Here’s an online thread with a few people who give some insight.

To save you a click, one guy was looking for fresh beans and had no other option so gave his local SB’s a call. They told him:

“the freshest beans they have are just over a month old”
“She said they get their deliveries but nothing is ever that fresh”

And from someone else:

“I used to work there and never saw anything come in fresher than 2 months.”

And probably the biggest piece of evidence is the taste of a Starbucks espresso. Try one with nothing else in it. It just doesn’t taste fresh.

Do you know anyone who orders straight espresso when they go to SB’s? No, me neither.

They Over-Roast Their Coffee Beans

Starbucks tends to use a dark roast with their coffee beans. Roasting is the process of turning the green beans you get from the Coffea plant into the brown coffee beans that are suitable for brewing.

The longer you cook ’em, the darker they get.

Dark roasting coffee produces a taste that in some ways is appealing. It’s burnt, charred, smoky. A taste many have come to associate with coffee.

The problem is that this process of cooking the beans to within an inch of their life destroys the rich tapestry of floral, fruity and earthy flavors that are inherent to each coffee bean.

No-one has walked away from a Starbucks commenting on the wonderful floral and blueberry notes in their Latte but that’s what coffee is supposed to taste like.

Lightly roasted coffee is a trip down the rabbit hole in terms of spicy, fruity, nutty and flowery notes that light up your senses and enrich your taste buds.

Dark roasted coffee removes the major regional and seasonal differences between coffee beans and leaves your coffee all tasting the same.

Why do they do this? Well, it’s very easy to scale. It’s simple to create a uniform taste by roasting the heck out of your coffee beans. It’s consistent, reliable and cheap.

This over-roasting of the beans is the reason why in some circles, the charred texture of their coffee has given them the moniker Charbucks.

The Over-Reliance On Sugar, Milk And Cream

So if the coffee beans that are used are stale and burnt, why do people still go there? It’s because the focus is on selling sugary coffee-flavored treats rather than high-quality coffee.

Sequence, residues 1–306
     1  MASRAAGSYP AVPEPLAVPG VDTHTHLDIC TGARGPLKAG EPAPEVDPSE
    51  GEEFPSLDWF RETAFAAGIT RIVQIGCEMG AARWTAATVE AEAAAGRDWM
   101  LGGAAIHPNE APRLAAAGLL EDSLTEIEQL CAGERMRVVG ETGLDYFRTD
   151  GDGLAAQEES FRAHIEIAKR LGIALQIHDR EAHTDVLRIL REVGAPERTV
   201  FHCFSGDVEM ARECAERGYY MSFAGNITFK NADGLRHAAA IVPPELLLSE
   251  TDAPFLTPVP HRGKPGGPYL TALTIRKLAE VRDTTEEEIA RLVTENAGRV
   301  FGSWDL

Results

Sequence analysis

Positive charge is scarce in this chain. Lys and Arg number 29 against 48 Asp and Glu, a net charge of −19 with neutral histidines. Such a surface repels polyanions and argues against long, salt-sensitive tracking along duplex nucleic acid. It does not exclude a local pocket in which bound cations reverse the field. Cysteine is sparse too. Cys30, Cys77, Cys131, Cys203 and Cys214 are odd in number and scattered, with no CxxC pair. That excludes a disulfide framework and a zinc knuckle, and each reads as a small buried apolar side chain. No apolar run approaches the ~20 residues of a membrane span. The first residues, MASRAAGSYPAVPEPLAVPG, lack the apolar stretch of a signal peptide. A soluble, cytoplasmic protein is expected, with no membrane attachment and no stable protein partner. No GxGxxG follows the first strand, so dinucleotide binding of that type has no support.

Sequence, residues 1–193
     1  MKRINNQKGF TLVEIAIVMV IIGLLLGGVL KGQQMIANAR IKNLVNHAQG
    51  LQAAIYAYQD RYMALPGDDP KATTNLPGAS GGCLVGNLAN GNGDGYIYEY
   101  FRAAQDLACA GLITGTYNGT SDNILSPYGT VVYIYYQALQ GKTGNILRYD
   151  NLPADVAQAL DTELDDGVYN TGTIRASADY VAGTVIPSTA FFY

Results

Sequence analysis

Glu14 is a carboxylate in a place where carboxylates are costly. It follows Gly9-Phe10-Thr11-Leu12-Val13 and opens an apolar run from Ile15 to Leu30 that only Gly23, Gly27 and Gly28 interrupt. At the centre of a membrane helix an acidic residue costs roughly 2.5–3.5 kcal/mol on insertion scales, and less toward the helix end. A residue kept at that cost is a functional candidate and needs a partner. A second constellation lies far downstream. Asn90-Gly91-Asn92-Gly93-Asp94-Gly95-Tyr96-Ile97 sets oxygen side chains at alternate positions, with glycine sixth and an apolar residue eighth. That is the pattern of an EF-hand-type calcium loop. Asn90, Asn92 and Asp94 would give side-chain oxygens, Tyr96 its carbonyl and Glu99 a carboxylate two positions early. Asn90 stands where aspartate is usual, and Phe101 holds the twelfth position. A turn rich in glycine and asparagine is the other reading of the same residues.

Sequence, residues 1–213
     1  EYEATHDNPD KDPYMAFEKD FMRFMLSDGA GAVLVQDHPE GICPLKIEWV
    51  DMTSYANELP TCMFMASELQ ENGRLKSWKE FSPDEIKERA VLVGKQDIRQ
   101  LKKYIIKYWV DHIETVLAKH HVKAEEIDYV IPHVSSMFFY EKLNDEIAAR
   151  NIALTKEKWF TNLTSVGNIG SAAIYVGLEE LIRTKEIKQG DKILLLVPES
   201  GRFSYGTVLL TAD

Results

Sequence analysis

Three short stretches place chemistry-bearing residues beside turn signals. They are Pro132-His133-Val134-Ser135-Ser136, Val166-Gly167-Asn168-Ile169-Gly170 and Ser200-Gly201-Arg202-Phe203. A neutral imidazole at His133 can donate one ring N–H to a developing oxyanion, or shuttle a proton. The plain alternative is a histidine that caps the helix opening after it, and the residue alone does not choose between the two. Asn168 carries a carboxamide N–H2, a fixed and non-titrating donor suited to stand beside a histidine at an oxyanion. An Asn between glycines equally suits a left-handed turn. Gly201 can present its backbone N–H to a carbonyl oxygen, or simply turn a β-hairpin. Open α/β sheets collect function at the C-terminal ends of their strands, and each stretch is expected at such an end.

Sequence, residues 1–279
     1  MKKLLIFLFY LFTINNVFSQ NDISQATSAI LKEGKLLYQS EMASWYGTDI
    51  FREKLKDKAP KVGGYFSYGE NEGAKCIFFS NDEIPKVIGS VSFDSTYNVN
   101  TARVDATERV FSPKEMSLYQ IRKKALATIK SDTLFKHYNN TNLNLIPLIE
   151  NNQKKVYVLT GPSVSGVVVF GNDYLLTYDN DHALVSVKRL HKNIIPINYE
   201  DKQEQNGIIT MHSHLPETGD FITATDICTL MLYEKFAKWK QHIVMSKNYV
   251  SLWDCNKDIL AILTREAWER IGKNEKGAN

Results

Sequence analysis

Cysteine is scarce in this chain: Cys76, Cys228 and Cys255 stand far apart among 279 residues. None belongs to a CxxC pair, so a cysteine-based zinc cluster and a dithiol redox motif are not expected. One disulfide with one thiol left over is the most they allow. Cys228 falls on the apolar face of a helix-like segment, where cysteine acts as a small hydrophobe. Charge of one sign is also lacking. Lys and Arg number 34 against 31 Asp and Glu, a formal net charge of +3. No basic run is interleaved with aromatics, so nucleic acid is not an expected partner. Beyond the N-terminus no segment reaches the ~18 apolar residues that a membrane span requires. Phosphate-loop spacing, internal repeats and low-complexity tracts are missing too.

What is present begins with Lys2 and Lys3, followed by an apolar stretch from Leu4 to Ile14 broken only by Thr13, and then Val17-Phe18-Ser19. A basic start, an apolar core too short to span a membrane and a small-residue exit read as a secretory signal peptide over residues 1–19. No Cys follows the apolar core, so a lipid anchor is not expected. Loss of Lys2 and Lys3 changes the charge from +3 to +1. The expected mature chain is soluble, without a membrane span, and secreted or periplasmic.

People don’t walk out of Starbucks with americanos, espressos and ristrettos.

They walk out with lattes, frappuccinos, and mochas. They even invented a drink loaded with caramel and milk and stole the name from an Italian favorite. Yes, the macchiato is actually something completely different in Italy!

Such is the depths to which they have sunk, these days Starbucks is more known for atrocities like the ones on the right here.

Annoyingly successful atrocities, I might add.

I must mention a personal anecdote here. I’m a huge fan of iced coffee. A black cold brew or a pour over poured into a glass full of ice and guzzled down on a summer’s day is one of my all-time favorite small-things-that-make-you-happy.

I once wanted to get the experience at a Starbucks. I was in a foreign country and there was nowhere else nearby. Sorry.

So I ordered an iced Americano with no milk. That’s a decent bet, right? Wrong! I have never had a more obnoxiously bitter coffee in my whole life.

It was awful…

I thought about taking it back until I realized that I got exactly what I asked for and exactly what I deserved. I drank it down anyway just for the caffeine, almost retching at every sip. A good lesson, in any case.

There’s only one thing I’ll order these days, I mentioned above I think, but I’ll get to that in a second.

Reason 2: The Corporation

Starbucks has over 11,000 stores across the US, many more across the world and as you’d expect they do an absolute boatload of business. Starbucks moves in, local stores get put out of business.

It’s the same story with any corporation that has a huge amount of success. That success translates to impact on local businesses and communities.

It’s turned every high street up and down the country into a terminal procession of stores of the same 5-10 mega-corporations.